Through the ages that have come and gone, generation after generation have tried to record the events of the lives of the people and of nations. Mankind has been transmitting information for millennia. Thus, the breadth and depth of the earth soil holds treasured of the history of the world. And though we sometimes come across obvious legends and myths, we also many times find historical corroboration through archaeology.
The biblical Old Testament (OT) book of Genesis tells us of a famine, under which conditions the Jews of Abraham's descent end up in Egypt. While initially the Jews were simply living alongside the Egyptians, they were eventually enslaved and subjected to hard labor by the Egyptians. The book of Exodus tells us that eventually the Jews were forced to be released by Pharaoh through God's miraculous intervention. This recorded narrative has been a hot target for those who are not only skeptical of the supernatural events that lead to Pharaoh's release of the Jews, but that any of the biblical narrative is historical at all.
The biblical account has been further scrutinized because of the lack of known Egyptian reference to the events recorded in the OT. However, a significant discovery in late 19th century and some scant knowledge of Egyptology reveals the skepticism to be hollow.
It is well known that the ancient Egyptians were quite egocentric in recording historical information. It appears that they would reverse their defeats into victories when recording events, and at other times (perhaps when more difficult to revise history), they avoided making reference to events altogether. This is well demonstrated, for example, in the four-seated colossi of Rameses II overlooking the Nile (now Lake Nasser) at Abu-Simbel. Though Rameses is known to have barely escaped with his life at the battle of Kadesh against the Hittites, the recordings of the event inside the walls speaks of an enormous Egyptian victory. As such, we would not and should not expect to find some Egyptian historical record with a confession that under the rule of the pharaoh a large band of Jewish slaves successfully escaped from Egypt even though the Egyptians tried to prevent them. The Egyptian habit of historical revisionism and suppression, therefore, does not necessarily allow us to draw anything out of the silence of its historical records.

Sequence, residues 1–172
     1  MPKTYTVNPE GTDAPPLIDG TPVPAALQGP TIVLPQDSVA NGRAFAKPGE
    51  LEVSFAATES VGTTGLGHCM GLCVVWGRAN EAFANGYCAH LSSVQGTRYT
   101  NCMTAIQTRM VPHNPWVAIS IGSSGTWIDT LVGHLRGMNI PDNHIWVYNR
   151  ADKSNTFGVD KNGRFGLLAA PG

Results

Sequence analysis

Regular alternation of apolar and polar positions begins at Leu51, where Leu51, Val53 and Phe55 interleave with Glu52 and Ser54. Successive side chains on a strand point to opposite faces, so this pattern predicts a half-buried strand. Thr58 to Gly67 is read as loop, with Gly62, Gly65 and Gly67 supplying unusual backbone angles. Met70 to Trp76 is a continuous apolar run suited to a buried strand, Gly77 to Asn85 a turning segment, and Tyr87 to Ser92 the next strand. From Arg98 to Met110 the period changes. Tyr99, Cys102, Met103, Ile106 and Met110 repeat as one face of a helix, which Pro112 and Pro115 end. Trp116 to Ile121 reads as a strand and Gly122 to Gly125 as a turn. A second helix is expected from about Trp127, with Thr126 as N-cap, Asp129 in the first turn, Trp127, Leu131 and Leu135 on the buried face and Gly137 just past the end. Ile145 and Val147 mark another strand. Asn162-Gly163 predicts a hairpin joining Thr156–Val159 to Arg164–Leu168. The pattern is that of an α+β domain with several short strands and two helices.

With relation to the discovery that sheds light on the historical Israel, the seven foot Merneptah Stele (also known as Israel Stele) found in Thebes, Egypt (currently in the Cairo Museum in Egypt), gives us some good clues. The stone slab with Egyptian hieroglyphics inscriptions dates back to Pharaoh Merneptah (c. 1230 B.C.), and makes mention of Israel. Though the reference is brief and simply states, "Israel – his seed is not," it is nonetheless important in its explicit and implicit information. First, the reference tells us that there was a significantly large people group called Israel known to the Egyptians, that were already living in the "promised land" by the time of the mention. Second, the reference made to such a people group implicitly demonstrates that Israel was not merely a tribe, but significant enough to be deemed worthy of mention along with other major city-states also defeated by the pharaoh. The implication is that Israel was a significant player in the region during the late 13th century B.C., providing a good level of corroboration with the biblical narrative.